Researchers from Baltimore, Maryland, USA, determined the epidemiologic trends in mortality from hepatocellular carcinoma (HCC) and biliary cancers (BCs) in Maryland during the last three decades.
The number of deaths due to HCC and BCs, from 1970 to 1997, were obtained from the Maryland State Department of Health and Hygiene vital statistics database.
Malignant neoplasms of the gallbladder and intrahepatic and extrahepatic bile ducts were grouped together as biliary cancers.
To determine the trend in mortality, the total time period was divided into seven 4-year periods.
| Mortality due to HCC in men increased from 1.34 to 2.7 per 100,000 between 1970 and 1997.
| American Journal of Gastroenterology |
Mortality from HCC increased from 0.94 to 1.84 per 100,000 population (rate ratio = 1.94) and that from BCs increased from 1.28 to 1.7 per 100,000 population (rate ratio = 1.31) over the study period.
Although mortality due to HCC doubled in men (1.34 to 2.7 per 100,000) during this period, only a modest increase was observed among women (0.59 to 1.06 per 100,000).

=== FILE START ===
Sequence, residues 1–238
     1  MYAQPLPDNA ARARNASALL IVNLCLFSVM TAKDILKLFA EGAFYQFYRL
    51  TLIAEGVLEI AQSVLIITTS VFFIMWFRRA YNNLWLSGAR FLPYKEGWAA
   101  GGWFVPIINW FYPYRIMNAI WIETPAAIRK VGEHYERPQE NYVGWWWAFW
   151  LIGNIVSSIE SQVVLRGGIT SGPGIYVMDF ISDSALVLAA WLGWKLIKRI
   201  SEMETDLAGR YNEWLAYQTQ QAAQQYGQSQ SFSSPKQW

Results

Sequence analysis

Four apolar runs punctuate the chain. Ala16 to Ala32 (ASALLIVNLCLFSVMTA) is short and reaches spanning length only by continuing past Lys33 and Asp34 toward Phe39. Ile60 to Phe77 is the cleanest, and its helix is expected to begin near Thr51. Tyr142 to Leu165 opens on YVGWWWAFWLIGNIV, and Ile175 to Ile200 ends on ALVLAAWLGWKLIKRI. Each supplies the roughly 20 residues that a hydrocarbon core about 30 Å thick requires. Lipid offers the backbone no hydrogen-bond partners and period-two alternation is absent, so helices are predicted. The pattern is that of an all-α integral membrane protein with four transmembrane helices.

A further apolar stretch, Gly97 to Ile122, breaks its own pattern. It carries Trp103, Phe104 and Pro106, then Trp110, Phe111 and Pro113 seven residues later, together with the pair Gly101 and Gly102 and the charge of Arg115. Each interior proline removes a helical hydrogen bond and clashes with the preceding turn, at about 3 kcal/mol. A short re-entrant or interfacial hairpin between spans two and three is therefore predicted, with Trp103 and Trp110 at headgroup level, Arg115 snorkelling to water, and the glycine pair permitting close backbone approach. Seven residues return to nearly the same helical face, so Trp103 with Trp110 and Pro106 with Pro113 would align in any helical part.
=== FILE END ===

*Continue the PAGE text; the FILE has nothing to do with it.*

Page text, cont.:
Due to a marked increase in the number of deaths among white Americans, the difference in HCC-related mortality between white Americans and African Americans decreased considerably during this period.
The team found that mean age at death increased steadily for BCs, from 67 to 73 years, whereas there was no real trend for HCC.
Among African Americans, the death from HCC remained stable. However, there was a 2-fold increase in BC-related death.
Author S. Nair, of the Johns Hopkins University School of Medicine, Baltimore, said on behalf of the group, "There was a marked increase in deaths from HCC over the past 3 decades in Maryland. This increase was more evident among men and white Americans."
"Deaths due to BCs increased modestly during the same period of observation. The marked rise in BC-related deaths among African Americans remains unexplained," it was concluded.